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Joseph Lobel '13
Joseph Lobel '13

Joseph Lobel ’13 Tracks Mysterious Jumping Genes

By Alexandra Ossola '10  |  Contact Holly Foster 315-859-4068
Posted June 27, 2010
Tags Biology Student Research
In the DNA of every cell in your body, segments of DNA are constantly jumping and shifting locations. These jumping segments are called transposons and they usually contain the building blocks for genes, but do not provide your body with blueprints like regular genes. But in a group of microorganisms called ciliated protists, some types of transposons (called Telomere-Bearing Element, or TBE, transposons) do contain genes, and they are sometimes even expressed. Working under Assistant Professor of Biology Wei-Jen Chang, Joseph Lobel ’13 is spending his summer trying to detect and sequence these elusive, mobile genes. 

Lobel is working mostly on a ciliated protist species called Uroleptus. This species branched off from other ciliates before another species called Oxytricha trifallax had evolved separately. Oxytricha trifallax is already known to have four functional genes on its TBE transposon, which has already been sequenced. Transposons carrying multiple genes are peculiar because most transposons carry only one gene whose sole purpose is to help transposons “jump” from one spot to another in the host genome. Some bacterial transposons evolved to carry more than one gene and the extra genes often code for enzymes against antibiotics. But, the functions of the extra genes found on TBE transposons are unknown. By comparing Uroleptus’ transposon sequence to that in Oxytricha trifallax, Lobel hopes to understand how a multigene transposon arose.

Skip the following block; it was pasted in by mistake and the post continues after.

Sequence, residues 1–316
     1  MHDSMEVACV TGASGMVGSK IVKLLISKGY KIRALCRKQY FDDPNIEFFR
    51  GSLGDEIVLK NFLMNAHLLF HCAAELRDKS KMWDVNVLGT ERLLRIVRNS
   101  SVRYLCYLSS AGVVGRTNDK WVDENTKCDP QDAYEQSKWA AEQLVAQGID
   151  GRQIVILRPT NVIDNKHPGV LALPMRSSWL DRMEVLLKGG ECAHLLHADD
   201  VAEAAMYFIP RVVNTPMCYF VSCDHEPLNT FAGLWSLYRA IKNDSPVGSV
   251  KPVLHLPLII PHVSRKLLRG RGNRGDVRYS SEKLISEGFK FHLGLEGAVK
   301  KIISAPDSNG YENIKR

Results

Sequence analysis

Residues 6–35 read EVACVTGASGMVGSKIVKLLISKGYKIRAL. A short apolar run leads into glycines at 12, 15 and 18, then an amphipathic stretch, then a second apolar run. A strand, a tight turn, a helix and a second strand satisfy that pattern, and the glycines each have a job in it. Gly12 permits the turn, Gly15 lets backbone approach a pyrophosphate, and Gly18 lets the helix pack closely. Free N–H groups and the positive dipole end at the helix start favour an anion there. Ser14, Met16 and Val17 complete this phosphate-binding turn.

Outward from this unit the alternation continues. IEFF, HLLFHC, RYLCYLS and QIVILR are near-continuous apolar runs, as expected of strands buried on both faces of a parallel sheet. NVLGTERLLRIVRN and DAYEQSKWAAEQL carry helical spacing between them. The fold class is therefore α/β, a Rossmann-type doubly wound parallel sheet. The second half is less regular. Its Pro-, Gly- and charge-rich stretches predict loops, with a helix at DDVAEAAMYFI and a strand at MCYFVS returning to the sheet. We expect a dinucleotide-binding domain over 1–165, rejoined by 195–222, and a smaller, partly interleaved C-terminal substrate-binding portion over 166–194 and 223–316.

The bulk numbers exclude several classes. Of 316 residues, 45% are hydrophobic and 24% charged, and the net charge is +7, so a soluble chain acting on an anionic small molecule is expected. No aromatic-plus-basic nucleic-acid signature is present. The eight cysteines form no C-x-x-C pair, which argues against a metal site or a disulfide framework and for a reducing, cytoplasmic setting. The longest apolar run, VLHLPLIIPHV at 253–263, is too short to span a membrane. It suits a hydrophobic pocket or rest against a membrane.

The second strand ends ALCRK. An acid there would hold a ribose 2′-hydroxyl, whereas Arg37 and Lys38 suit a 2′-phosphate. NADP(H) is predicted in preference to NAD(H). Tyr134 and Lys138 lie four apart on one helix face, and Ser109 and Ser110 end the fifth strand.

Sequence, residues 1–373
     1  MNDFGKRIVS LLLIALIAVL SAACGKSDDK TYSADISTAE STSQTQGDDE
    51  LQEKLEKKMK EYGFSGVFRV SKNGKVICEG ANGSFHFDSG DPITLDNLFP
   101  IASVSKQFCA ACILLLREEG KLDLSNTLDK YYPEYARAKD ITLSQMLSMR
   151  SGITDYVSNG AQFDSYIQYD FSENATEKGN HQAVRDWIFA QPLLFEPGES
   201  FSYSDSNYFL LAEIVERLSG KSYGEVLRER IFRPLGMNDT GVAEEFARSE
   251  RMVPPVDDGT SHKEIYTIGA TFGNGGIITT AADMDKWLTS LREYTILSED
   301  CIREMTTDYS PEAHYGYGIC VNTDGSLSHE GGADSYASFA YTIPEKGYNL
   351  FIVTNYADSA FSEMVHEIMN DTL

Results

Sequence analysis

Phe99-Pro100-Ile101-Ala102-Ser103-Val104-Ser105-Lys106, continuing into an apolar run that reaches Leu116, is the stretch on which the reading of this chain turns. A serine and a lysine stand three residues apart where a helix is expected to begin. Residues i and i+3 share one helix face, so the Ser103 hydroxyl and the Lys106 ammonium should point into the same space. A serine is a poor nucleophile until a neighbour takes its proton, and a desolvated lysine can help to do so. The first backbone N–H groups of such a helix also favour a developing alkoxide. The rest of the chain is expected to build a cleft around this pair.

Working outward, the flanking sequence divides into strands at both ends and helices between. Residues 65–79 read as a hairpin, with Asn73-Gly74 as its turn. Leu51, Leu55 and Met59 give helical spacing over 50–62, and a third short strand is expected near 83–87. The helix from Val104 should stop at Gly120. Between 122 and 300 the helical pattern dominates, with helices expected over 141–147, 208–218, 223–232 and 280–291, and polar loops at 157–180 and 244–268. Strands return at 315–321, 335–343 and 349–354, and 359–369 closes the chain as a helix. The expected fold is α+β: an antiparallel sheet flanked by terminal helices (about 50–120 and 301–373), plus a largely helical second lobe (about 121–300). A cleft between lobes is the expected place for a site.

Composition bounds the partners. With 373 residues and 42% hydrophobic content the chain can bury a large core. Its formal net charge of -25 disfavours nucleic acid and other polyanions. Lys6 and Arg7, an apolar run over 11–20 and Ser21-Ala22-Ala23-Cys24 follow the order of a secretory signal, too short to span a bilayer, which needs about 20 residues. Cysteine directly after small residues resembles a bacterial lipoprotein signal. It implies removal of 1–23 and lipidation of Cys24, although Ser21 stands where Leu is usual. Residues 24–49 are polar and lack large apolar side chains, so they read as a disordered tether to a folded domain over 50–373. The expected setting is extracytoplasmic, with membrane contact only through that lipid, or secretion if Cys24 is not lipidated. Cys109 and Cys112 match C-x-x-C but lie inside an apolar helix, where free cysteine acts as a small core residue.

But finding such a slippery sequence is difficult and often depends on happenstance. Lobel will be using multiple different methods to detect the transposon, but his current approach looks promising. He takes millions of known, sequenced transposons and injects them into a sample of Uroleptus’ DNA. If one of the inserted sequences lands near an already-known region in the genome, Lobel can run a polymerase chain reaction (PCR) to amplify the unknown segment between the two known regions and eventually sequence it. Working this way, Lobel will hopefully find the TBE transposon he is looking for in Uroleptus and with any luck, he will find some similarities to help determine when and how these genes evolved. 

Spotting these genetic differences could have great significance in scientists’ larger goal in plotting the evolutionary history of every organism. “Hopefully we will see some similarities in two or three of the genes [on the transposon] to show that the fourth gene evolved after Uroleptus and before Oxytricha trifallax. We want to know how these genes effect the fitness of the organism,” Lobel said. “It’s odd that these protists have mobile genes. It is really interesting, searching for why this anomaly exists.” 

A rising sophomore, Lobel enjoys rock climbing, whether he is on the wall on campus or has found a nearby crag. He also likes to cook, especially making his own bread, and volunteers with HAVOC during the school year. He plans to be a biology or biochemistry major.

Joseph Lobel is a graduate of Highland Park High School (NJ).

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